Brooklyn-based cybersecurity startup Capsule8 today released a beta version of Capsule8, the company's new Threat Prevention and Response solution for cloud and container environments.
Enterprises and their development teams are flocking to containers so it makes sense that attackers aren't too far behind. Yet, relying on traditional security appliances to keep hackers at bay in the cloud and containerized application era can be a costly mistake, warned John Viega, CEO of Capsule8.
"Appliances are monoliths that aren't appropriate for a microservices world. They don't scale up well, they don't scale down at all," Viega told eSecurity Planet in an email. There are three reasons security appliances fall short, he noted.
"First, appliances use the IP address for asset identity. In a containerized world, many workloads can share an IP address. They may go up and down quickly," Viega stated. "That model doesn't work."https://o1.qnsr.com/log/p.gif?;n=203;c=204650394;s=9477;x=7936;f=201801171506010;u=j;z=TIMESTAMP;a=20392931;e=i
Additionally, he cautioned that "appliances can't see traffic between containers running on the same host, but that's important to see to be able to protect properly." Newer advances in network protocols, namely Transport Layer Security (TLS) 1.3 and Quick UDP Internet Connections (QUIC), can also add risk.
"Third, TLS 1.3 and QUIC make it effectively impossible for today's security appliances to live out-of-band (they use a trick to be able to decrypt a copy of traffic). Putting an appliance in-line adds too much risk to availability and performance," Viega said. The executive also noted that in addition to the glaring blind spots, appliances tend to be overly conservative, generating an abundance of false positives.
Conversely, Capsule8's technology works provides visibility into an entire production environment, including intra-container, system and network data for a more accurate appraisal of an organization's security posture and more targeted threat prevention capabilities.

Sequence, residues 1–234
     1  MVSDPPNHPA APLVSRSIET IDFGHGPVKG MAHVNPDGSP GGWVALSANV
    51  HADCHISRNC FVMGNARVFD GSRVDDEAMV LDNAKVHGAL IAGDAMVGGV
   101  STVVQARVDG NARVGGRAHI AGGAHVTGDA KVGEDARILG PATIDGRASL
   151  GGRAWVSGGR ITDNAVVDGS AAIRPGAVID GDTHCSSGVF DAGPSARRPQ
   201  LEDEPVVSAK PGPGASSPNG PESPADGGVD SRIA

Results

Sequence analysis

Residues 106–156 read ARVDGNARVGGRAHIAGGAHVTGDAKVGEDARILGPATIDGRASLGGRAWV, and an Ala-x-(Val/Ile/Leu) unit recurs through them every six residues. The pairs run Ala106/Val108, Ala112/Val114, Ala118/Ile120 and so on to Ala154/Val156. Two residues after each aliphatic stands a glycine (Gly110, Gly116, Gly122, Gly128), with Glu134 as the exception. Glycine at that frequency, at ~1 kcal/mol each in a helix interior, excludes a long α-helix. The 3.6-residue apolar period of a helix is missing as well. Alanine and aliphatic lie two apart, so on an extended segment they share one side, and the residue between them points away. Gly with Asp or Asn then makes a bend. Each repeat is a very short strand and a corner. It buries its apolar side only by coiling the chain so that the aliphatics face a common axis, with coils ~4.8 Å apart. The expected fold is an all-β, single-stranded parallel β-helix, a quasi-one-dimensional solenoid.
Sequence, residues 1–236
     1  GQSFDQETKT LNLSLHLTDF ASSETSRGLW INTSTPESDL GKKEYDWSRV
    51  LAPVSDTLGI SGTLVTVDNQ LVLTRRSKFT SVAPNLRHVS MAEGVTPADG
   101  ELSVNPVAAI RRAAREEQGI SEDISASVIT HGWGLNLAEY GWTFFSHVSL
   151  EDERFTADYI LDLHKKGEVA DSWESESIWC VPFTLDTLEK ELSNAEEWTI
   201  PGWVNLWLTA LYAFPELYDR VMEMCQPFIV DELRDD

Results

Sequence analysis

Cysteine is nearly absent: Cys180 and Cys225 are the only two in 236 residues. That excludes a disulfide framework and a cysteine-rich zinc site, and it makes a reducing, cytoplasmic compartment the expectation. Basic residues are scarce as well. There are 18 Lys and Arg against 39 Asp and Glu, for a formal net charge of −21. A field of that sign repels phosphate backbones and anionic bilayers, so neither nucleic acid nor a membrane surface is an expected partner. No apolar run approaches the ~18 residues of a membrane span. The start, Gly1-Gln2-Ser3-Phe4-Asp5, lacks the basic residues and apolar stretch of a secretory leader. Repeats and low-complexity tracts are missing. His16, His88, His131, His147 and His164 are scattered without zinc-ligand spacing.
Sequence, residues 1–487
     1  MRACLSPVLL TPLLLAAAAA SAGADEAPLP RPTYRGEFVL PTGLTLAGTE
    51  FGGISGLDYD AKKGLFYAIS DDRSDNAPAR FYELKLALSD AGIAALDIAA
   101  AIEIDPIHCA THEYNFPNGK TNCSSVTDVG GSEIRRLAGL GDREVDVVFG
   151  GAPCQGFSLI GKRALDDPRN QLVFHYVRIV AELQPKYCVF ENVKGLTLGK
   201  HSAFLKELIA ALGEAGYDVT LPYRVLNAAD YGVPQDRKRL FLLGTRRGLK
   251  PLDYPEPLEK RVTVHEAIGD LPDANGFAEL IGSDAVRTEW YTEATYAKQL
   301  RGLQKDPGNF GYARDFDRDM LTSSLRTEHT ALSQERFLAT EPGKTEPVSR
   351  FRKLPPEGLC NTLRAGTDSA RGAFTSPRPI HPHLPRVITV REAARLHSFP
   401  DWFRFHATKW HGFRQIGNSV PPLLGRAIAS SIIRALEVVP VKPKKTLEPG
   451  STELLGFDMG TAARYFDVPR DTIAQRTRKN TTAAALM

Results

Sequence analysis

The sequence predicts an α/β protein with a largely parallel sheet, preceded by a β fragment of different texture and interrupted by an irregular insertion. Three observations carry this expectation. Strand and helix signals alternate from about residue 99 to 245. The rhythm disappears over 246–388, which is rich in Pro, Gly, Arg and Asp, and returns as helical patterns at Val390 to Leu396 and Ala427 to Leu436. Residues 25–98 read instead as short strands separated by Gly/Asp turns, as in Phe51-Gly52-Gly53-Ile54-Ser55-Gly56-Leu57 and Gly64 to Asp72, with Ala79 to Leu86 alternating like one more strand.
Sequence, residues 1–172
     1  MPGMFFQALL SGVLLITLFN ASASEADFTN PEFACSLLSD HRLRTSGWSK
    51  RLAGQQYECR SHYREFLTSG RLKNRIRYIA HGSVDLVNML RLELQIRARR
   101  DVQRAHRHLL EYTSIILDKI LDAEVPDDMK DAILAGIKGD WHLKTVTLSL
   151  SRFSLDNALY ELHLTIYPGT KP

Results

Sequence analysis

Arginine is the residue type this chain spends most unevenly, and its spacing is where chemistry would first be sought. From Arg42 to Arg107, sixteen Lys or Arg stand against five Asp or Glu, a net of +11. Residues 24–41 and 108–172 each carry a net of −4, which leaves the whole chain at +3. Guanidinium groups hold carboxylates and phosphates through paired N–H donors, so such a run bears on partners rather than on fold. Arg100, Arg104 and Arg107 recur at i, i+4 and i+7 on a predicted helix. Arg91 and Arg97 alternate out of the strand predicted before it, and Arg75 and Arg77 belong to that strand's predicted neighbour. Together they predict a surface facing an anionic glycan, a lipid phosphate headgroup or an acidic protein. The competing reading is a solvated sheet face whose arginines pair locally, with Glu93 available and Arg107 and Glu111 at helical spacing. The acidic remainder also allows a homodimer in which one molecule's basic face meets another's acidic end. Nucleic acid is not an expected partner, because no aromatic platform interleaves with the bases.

"Capsule8 automatically and seamlessly integrates with complicated Linux deployments, running sensors on each instance of the Linux kernel, but getting data out in a way that's guaranteed not to interfere with the workload it's protecting, or the network it's running on," Viega said. "We also do it in a way that's fully container aware."
Combined with artificial intelligence (AI) and distributed security analytics from security experts, Capsule8 Protect can detect and block attacks as they occur, stopping and replacing the affected component on the fly.
"We then analyze data in real time, with far more dimensions of data. Since we have visibility into the Linux endpoints, we have much higher fidelity data for decision making, and can even see traffic that was encrypted end-to-end," Viega explained.
"We can therefore detect sophisticated attacks (including zero-days) as they're happening, and can even automatically respond, providing resilience under an attack," he continued. And for cybersecurity sleuths, Viega said the platform also makes "rich forensic data available."